The Agenda Podcast discusses the importance of financial literacy and education in Part 2 of a conversation with BTC advocate and entrepreneur Naja Roberts.
Can Bitcoin help black Americans build wealth in a country that has historically and deliberately prevented them from doing so? The Agenda Podcast recently caught up with Naja Roberts, a Bitcoin educator and entrepreneur, to explore this question.
In Part 1 of the conversation, published on February 1, Roberts told hosts Jonathan DeYoung and Ray Salmond that bitcoin
may be the greatest opportunity black Americans have had to bridge the country’s wealth gap. She emphasized the importance of community financial sovereignty and control over one’s own money, which can help lift the spirits of entire generations.
In Part 2 of their conversation, published on February 15th, DeYoung and Salmond talk with Roberts about building financial literacy, the challenges of running a community-driven crypto exchange, and how to work with children and teens to prepare them for blockchain and technology a revolution already underway.
Self-sufficiency and self-care
While Bitcoin may offer a path to self-sufficiency, Roberts firmly believes that investment moves should be made alongside best practices in financial literacy: “Never invest more than you can afford to lose. That’s the basic principle.” She emphasized that Bitcoin is not a “get-rich-quick” scheme – adding “be very careful what you invest in as not all coins are created equal and most of these coins are created to extract money from your bank account.”
Roberts pointed out that financial literacy is rarely taught in schools and believes this is by design:
“If they have people who don’t know better, they’re not going to do better. And they still have people who are going to work in this country and they really don’t understand that they are working for money instead of letting the money work for them. And so the select few who get that memo do well. So, as we move into this new digital space, education must be an essential element for both children and adults.
Roberts pushes the importance of education with his traditional Bitcoin exchange, which has two components: Bitcoin Bank is a for-profit exchange, while Crypto Blockchain Plug is a non-profit education center that teaches people the ABCs of BTC. However, the entities’ focus on self-service and not owning client assets created some challenges for Roberts, who explained that it was difficult to find a banking partner:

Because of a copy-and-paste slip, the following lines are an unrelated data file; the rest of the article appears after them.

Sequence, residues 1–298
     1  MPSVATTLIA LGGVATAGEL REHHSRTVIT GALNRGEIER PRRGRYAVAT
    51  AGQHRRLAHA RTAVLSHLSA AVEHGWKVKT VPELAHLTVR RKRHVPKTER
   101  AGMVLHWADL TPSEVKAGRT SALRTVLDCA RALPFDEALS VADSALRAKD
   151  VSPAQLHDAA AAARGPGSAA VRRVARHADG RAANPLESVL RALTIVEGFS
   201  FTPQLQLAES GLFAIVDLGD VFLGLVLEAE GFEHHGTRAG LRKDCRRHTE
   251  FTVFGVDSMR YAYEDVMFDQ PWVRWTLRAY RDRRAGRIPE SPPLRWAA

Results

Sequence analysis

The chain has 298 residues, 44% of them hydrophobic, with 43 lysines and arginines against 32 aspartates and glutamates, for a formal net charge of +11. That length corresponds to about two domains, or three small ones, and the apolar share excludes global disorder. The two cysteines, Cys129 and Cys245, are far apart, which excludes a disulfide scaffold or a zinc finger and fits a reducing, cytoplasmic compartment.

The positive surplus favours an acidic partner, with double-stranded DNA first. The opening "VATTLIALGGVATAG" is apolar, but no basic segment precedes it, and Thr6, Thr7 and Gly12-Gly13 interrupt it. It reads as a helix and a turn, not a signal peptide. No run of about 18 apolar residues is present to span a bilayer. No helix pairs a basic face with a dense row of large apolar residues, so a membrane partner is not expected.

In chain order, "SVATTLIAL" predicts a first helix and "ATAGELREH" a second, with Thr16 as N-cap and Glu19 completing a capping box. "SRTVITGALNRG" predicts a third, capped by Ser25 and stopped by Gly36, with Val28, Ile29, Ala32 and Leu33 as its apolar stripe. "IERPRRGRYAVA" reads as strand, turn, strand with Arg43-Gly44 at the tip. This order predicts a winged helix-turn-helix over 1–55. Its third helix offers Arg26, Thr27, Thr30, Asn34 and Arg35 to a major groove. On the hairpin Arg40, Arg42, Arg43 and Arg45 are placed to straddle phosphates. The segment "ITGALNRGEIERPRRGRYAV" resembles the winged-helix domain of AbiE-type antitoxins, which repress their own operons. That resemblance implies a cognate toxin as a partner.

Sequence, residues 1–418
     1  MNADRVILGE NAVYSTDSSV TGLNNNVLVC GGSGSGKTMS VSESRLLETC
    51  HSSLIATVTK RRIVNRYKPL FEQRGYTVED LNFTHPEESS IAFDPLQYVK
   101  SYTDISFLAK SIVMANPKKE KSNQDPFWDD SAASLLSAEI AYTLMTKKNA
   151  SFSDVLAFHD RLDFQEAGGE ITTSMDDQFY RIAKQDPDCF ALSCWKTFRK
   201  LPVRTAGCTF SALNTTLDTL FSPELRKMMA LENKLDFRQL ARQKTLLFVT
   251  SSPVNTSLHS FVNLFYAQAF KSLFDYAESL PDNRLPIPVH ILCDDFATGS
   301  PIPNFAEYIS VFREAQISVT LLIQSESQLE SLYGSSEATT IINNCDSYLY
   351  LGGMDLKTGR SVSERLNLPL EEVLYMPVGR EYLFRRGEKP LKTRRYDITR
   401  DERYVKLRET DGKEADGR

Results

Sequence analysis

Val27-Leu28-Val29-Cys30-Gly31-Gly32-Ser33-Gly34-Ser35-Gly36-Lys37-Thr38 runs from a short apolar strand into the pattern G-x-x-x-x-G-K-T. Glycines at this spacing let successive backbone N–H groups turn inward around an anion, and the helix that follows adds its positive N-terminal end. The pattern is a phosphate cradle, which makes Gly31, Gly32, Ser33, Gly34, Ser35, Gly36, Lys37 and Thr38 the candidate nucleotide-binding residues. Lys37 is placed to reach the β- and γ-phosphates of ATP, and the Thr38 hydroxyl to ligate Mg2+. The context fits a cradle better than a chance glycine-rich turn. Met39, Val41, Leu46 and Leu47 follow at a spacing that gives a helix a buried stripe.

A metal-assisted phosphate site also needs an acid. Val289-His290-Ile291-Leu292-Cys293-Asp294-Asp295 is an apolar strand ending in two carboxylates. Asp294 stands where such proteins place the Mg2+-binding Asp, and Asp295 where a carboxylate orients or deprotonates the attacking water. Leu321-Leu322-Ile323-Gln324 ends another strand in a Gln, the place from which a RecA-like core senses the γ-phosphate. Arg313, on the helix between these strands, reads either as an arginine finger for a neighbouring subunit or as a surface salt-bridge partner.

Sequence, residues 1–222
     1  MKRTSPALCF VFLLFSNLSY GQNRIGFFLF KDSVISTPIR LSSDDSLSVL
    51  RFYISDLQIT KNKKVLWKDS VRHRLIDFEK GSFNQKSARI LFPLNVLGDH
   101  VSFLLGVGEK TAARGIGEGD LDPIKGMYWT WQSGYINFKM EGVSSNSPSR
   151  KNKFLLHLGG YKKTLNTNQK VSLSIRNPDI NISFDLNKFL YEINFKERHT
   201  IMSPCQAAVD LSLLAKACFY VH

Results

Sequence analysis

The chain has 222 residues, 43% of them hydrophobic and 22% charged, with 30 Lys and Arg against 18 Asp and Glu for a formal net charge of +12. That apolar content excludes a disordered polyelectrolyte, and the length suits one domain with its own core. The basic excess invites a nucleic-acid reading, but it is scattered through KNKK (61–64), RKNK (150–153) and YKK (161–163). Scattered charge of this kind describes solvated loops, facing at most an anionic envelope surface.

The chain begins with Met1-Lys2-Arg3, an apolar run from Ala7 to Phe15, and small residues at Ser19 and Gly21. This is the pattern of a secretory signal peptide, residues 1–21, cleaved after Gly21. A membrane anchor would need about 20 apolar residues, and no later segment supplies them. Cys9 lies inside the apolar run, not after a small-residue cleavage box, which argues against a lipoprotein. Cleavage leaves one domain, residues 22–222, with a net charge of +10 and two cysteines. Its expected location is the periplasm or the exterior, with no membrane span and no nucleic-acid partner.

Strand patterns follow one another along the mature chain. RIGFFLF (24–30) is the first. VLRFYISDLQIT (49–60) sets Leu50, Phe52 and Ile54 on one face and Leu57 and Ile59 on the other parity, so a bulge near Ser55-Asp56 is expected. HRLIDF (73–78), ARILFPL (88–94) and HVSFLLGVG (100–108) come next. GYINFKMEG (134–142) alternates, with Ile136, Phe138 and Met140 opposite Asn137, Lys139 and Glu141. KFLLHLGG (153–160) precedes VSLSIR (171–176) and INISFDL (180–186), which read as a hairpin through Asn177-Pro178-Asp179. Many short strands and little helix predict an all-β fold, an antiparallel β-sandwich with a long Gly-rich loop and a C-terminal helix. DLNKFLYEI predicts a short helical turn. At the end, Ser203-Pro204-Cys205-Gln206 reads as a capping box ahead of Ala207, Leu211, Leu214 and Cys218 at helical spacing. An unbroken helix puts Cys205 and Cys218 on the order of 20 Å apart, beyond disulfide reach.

“They told me I should have at least a million dollars a day. I don’t make a million dollars a day. I don’t do some of the things that some other exchanges do to make sure they line their pockets because we take money from individuals immediately and give them their bitcoins immediately. We do not hold their bitcoins. We teach them to be independent from day one.”
Cryptocurrencies are for children
While many adults remain skeptical of cryptocurrencies — or simply don’t understand them — Roberts said children and teenagers often instinctively understand blockchain’s potential. He runs Crypto Kids Camp, an educational program for children and teenagers in urban and rural areas, teaching participants cutting-edge technologies such as non-fungible tokens (NFTs), virtual reality, drones, and more.
In Roberts’ experience, “digital currency is like second nature to them” because “they’re already using it in video games. They’re buying stuff with Robux and they’re already doing all these other things.
Ultimately, Roberts wants to convey to both children and their parents that learning new technologies opens up new opportunities for growth and success. “We remind kids of all these things early on,” Roberts said, adding:
“Our kids need to be aware of these technologies so that as they grow up and their parents are watching them, they actually manage them in the space that’s most important to them, not really what we want as parents or what we want as teachers, because it does not bode well. […] What we want to do is show kids every aspect of technology so they can choose what works or what they like best. And then that parent can take that and have something to build on.”
To hear more from Roberts, watch the full episode of The Agenda on Cointelegraph’s new podcast site, Spotify, Apple Podcasts, Google Podcasts, or TuneIn—and be sure to check out other new Cointelegraph shows.